EXPERTS have warned against “unreliable” thermometers for sale – and they could be putting your child at risk.
A high temperature is a symptom of a number of health problems, including Covid, and missing it could prove serious.
Since the pandemic, there has been a surge in demand for thermometers.
According to The Medicines and Healthcare products Regulatory Agency (MHRA), there has been an increase in the number of “inaccurate” infrared thermometers on the UK market.
Infrared thermometers are the gun-shaped devices that are pointed to the head to measure the skin temperature.
They’ve become popular at the entrance of places like pubs, salons and offices as an extra safety precaution.
But the MHRA now fear the devices are making their way into people’s homes and being used as a way to measure body temperature.
Temperature scanners measure heat in the skin, which is not the same as core body temperature.
It can change in response to the environment, such as warm or cold weather, therefore giving an unreliable reading.
The MHRA says: “These readings are therefore an unreliable measure for detection of Covid-19 or other diseases which may cause fever.”
What are the signs to look for?
Many devices are not approved for the UK market.
And so the MHRA says if you decide to buy one of these devices online, and are aware it is not the most reliable way to detect a high temperature, there are key signs of devices that are fradulent.
It must have a distinct CE or UKCA mark to ensure it is fit for sale in the UK.
Graeme Tunbridge, Director of MHRA Devices division said: “People in the UK are unknowingly buying poor quality infrared thermometers which do not meet the required standards of safety and performance.
“It is important that people know what to look out for when purchasing these products, or any other medical devices online.
“You should always look for the CE or UKCA mark on any medical device – this will either be on the device or on its packaging, and that includes when you are buying these products online.”
When buying a infrared thermometer, look for the following on the packaging:
- Name and address of the manufacturer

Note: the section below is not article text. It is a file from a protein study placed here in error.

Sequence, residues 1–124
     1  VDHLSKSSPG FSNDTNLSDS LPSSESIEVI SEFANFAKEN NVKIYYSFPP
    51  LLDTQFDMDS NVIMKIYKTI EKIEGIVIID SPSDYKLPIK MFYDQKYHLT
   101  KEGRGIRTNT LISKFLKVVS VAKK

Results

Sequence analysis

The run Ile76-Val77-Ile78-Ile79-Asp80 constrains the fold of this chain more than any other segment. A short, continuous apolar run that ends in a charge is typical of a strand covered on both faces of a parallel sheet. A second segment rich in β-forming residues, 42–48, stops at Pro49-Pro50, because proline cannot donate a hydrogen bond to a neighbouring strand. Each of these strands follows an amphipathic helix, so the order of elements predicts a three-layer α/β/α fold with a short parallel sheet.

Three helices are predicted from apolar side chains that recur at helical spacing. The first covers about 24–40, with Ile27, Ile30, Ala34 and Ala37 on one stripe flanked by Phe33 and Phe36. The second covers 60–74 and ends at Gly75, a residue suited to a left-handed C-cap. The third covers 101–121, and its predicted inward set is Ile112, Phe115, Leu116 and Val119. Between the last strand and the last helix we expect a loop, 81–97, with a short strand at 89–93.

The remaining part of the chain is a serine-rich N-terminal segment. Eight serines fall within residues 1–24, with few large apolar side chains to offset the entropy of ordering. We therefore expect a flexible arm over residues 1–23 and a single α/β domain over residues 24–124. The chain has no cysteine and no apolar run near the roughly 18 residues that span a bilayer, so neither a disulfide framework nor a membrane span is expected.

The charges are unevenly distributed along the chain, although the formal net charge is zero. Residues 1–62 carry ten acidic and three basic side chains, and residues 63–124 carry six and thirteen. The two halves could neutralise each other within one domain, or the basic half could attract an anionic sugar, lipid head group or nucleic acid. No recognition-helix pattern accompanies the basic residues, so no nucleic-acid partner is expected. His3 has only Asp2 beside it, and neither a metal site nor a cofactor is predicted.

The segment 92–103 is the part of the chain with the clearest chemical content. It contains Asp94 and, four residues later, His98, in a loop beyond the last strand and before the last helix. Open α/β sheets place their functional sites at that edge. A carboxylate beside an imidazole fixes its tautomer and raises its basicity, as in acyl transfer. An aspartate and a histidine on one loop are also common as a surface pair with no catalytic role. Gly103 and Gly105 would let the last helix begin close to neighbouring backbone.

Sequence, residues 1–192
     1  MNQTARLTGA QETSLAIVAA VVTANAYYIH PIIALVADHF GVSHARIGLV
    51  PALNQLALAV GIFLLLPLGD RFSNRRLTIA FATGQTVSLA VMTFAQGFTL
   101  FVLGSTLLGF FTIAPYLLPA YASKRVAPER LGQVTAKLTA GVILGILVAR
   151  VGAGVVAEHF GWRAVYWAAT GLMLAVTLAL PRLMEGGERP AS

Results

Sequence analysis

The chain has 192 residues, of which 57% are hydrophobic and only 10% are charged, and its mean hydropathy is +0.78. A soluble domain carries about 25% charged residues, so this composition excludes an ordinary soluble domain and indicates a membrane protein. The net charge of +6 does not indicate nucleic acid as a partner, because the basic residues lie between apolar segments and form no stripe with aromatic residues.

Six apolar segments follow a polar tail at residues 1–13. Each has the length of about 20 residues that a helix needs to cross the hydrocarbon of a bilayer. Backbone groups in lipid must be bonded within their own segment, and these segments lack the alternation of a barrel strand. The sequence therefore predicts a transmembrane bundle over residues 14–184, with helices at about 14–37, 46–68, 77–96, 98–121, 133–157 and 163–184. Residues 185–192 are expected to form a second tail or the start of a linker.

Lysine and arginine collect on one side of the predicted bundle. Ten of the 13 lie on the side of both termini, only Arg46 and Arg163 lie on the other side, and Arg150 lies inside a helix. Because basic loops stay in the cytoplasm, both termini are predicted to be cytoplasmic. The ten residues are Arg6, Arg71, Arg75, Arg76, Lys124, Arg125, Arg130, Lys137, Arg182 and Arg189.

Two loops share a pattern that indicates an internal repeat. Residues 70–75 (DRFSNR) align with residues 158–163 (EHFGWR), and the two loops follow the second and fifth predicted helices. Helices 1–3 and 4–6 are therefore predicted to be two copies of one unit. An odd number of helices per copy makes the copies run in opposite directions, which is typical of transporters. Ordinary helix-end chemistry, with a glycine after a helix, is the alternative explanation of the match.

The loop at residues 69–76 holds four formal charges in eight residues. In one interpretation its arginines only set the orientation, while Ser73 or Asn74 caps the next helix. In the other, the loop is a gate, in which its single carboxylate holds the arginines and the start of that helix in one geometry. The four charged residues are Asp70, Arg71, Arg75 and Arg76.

- If the manufacturer is not in the EU or UK, the name and address of the European representative or UK Responsible Person
- The CE mark symbol with a 4-digit number, in the correct format
- Model number and/or name of the device
- Lot or batch number
If any of this information is missing, the thermometer may not meet the legal requirements and you should not buy or use it, the MHRA says.
Warning of missing a high temperature
The MHRA said people should be aware that temperature screening is not a reliable method for detecting coronavirus infection or other “febrile illness”.
This could include a infections of the ear, lung or kidneys, stomach bugs and some more serious conditions like heat exhaustion or even tumours.
An incorrect temperature reading could be the difference between someone seeking help for themselves or their baby or child.
It could also cause someone to avoid getting a Covid test or isolating, considering the NHS lists a high temperature as one of the key signs of infection.
Fever is the body’s response to a disease or illness, causing it to rise to a range between 38°C and 41°C.
In children, if it comes with other signs or illness, particularly a rash, you should always call NHS 111 or your GP.
Medical attention is also important if your baby’s temperature is 38°C or higher and they’re under three months old, or if your baby’s temperature is 39°C or higher if they’re three to six months old.
How should you measure temperature?
Putting a thermometer into an armpit, mouth, ear or other body cavity is known to be the most accurate way to measure temperature.
The best way to measure temperature is with a digital device, the NHS says.
Avoid glass thermometers because if they break, they can release highly poisonous mercury. They aren’t used in hospitals anymore.